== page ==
It’s been awhile now since the grand launching of our website and it seems we have neglected to keep you up to date on what’s been happening ever since.
Firstly the authorities blocked Vimeo here in Indonesia, due to the ignorance and stupidity of our Indonesian Communication & Information Minister, Tifatul Sembiring, so our site was down for awhile as Vimeo hosts all our video content, and it has been incredibly busy around here with many exciting projects both in the pipeline and in the process of finalising.
One of our current projects took us to the refreshingly cool mountain villages in Northwest Sumatra. We left Jakarta super early and had hoped to reach our destination around 2.00pm as it was an 8 hour drive from the airport. A little over an hour into our hair raising trip with our driver tailgating every car infront of us and overtaking on sharp turns at hight speed, the car lost power and decided to stop working, so we ended up stopping at a roadside cafe. We were told a replacement car would be with us in an hour, and so we ate, and several hours later, as the sun was beginning to set, another car finally arrived and we set off again on our journey. A change of plans meant we ended up staying the night in a small town a couple of hours away from our final destination.
The next morning we were just so happy to arrive in one piece after our drivers hair raising driving skills where it felt like we were passengers in a Grand Prix race or something similar, despite repeated efforts to please slow down as we were in no hurry. Having visited the tsunami affected areas of Banda Aceh in the past, this was the first time for us to travel together out into the mountainous lush green tropical countryside and the rice fields were so picturesque and beautiful.
Our destination was the Bener Meriah District which are coffee growing highlands and you can see the coffee plantations for miles the further off the main road that you travel. Most people living in this poor rural area ended up here due to the long running conflict in Aceh that ended around 9 years ago.
We joined the staff of the Save The Children campaign to document their work which aims to assist early childhood education in the surrounding villages.
A bumpy car ride through winding roads led us to the last kampung to be found in the mountains where a new classroom was recently built. As can be found throughout Indonesia, we were welcomed with big smiles and many excited children following us around in fits of giggles, while adults stood on the sides of the road trying to see what all the fuss was about.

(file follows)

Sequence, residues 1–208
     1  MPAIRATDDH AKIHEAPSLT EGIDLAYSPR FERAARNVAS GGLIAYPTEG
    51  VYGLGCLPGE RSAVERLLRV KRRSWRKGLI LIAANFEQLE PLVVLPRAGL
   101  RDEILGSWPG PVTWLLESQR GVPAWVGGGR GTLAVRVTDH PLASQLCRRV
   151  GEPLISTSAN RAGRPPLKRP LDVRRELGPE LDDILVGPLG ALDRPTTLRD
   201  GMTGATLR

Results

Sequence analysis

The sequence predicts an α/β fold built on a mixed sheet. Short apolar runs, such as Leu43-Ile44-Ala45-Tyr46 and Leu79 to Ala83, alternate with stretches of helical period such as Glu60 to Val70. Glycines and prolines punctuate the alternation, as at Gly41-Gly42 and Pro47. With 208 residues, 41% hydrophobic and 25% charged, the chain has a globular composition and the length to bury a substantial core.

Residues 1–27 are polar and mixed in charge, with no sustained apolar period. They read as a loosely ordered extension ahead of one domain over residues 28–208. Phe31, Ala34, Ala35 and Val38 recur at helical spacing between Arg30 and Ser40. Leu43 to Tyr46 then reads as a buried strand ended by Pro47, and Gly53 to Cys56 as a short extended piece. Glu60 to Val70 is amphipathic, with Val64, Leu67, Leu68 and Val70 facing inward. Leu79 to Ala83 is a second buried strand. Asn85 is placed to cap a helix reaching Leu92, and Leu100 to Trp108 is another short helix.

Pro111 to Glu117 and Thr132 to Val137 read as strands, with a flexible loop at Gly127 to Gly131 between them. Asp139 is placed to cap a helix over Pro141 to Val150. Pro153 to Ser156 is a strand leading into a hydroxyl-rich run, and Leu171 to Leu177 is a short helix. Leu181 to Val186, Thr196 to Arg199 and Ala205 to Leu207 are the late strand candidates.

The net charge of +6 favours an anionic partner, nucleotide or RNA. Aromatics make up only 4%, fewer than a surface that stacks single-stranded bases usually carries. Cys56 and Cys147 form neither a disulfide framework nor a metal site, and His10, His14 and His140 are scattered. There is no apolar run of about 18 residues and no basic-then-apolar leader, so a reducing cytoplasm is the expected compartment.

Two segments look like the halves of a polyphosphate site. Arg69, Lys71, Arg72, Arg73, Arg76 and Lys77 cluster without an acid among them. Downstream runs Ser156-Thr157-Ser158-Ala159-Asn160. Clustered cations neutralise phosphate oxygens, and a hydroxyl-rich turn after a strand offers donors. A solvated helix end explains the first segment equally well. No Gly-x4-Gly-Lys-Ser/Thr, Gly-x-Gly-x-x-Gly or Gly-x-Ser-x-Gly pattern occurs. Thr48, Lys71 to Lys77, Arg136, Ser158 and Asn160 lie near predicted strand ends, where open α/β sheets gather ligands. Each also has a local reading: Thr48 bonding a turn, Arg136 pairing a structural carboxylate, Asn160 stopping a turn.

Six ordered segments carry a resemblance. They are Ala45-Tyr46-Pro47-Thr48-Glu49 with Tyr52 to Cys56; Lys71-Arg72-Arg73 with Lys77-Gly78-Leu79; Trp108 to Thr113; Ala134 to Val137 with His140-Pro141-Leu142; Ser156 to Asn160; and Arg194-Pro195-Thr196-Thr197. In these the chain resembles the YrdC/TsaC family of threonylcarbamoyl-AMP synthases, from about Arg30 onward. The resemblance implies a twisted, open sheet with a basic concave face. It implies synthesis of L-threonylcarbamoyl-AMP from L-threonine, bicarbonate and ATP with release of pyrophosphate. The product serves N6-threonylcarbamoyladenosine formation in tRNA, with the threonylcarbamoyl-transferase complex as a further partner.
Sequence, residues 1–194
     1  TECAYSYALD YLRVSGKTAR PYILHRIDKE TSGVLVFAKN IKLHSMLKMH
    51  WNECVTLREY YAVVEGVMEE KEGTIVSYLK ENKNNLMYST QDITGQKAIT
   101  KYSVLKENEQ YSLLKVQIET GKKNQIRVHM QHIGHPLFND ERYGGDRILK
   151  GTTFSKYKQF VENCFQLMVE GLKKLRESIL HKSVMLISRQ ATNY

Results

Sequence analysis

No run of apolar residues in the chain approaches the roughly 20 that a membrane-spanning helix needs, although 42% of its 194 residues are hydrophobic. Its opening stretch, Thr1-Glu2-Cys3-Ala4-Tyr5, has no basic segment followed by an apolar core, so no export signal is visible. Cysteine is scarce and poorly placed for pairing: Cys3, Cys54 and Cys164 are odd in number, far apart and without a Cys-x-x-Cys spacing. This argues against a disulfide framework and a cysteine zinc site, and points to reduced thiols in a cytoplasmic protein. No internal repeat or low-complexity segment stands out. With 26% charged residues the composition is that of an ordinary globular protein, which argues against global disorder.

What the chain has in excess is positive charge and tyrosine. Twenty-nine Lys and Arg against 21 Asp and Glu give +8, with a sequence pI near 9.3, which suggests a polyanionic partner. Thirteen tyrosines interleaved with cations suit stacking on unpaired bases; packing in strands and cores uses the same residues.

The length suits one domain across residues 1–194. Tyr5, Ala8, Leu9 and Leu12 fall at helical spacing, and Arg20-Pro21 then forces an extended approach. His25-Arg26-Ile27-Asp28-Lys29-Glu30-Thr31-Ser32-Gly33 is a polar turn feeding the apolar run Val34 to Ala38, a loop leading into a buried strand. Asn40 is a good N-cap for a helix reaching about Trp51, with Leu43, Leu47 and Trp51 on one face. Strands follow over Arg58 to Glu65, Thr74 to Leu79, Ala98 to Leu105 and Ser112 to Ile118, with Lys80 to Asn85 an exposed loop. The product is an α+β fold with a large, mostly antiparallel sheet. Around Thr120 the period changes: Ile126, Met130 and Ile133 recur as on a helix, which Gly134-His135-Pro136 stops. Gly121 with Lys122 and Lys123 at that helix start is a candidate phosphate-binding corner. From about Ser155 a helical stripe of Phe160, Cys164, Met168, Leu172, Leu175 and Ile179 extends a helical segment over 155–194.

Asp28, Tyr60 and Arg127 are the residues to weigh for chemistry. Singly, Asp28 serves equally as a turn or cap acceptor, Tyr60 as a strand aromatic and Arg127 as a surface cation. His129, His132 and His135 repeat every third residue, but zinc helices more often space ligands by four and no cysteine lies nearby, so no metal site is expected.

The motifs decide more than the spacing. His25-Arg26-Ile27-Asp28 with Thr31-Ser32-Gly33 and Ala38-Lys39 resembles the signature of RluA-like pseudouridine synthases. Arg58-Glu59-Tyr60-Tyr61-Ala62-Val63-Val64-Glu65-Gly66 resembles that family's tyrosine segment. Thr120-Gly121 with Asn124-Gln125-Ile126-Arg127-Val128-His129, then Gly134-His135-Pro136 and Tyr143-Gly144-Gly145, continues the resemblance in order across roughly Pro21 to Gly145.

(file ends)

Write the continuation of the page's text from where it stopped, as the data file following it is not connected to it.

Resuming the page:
Samudra, our 11 month old son, who travels with us on all our trips, was over the moon to be invited into the homes of the villagers and fed sweet biscuits while being lavished with so much attention. He is a great ice-breaker when meeting new people as they all seem to feel instantly at ease and are already comfortable by the time the camera appears for interviewing. We are so happy he gets to experience such a diversity of cultures and life at such a young age, and has the opportunity to interact with so many children all around Indonesia.
We played with the children on their new play equipment outside their humble and brand new brightly coloured classroom while the ducks and chickens pecked around close by, and took photos and listened as the children squealed in delight to see their faces on the screen.
We wandered around the kampung and filmed some interviews and met the locals, and then with the permission of the Head of The Village, Putra and Imam stayed the night with a family to continue filming, while we headed to a slighter warmer location over an hour away.
It was a funny to ask if someone could check the hotel room as there was no hot water in the shower, and then two minutes later a steaming tub of boiling water arrived at the door. The miscommunication ended up with Samudra being able to thaw out in a makeshift bath though.
The next two days included a visit to the coffee plantations to watch the mothers at work, an entertaining morning watching classes conducted in the new school, interviewing local adults and children and incredible sunrises and sunsets. It was a full few days in Aceh and it was an absolute pleasure to meet the Save The Children team and see how they are helping local communities to better educate their young children and prepare them for primary school.
We send a huge thank you to the team at Save The Children for the opportunity to document their amazing work and for being so welcoming to us during our time in Aceh, and we look forward to sharing the finished documentaries with you in the near future.
A big thank you also to our driver, Agus, for delivering us back to the airport in one piece, where we could breath a sigh of relief after a minor incident with a motorbike, we made it!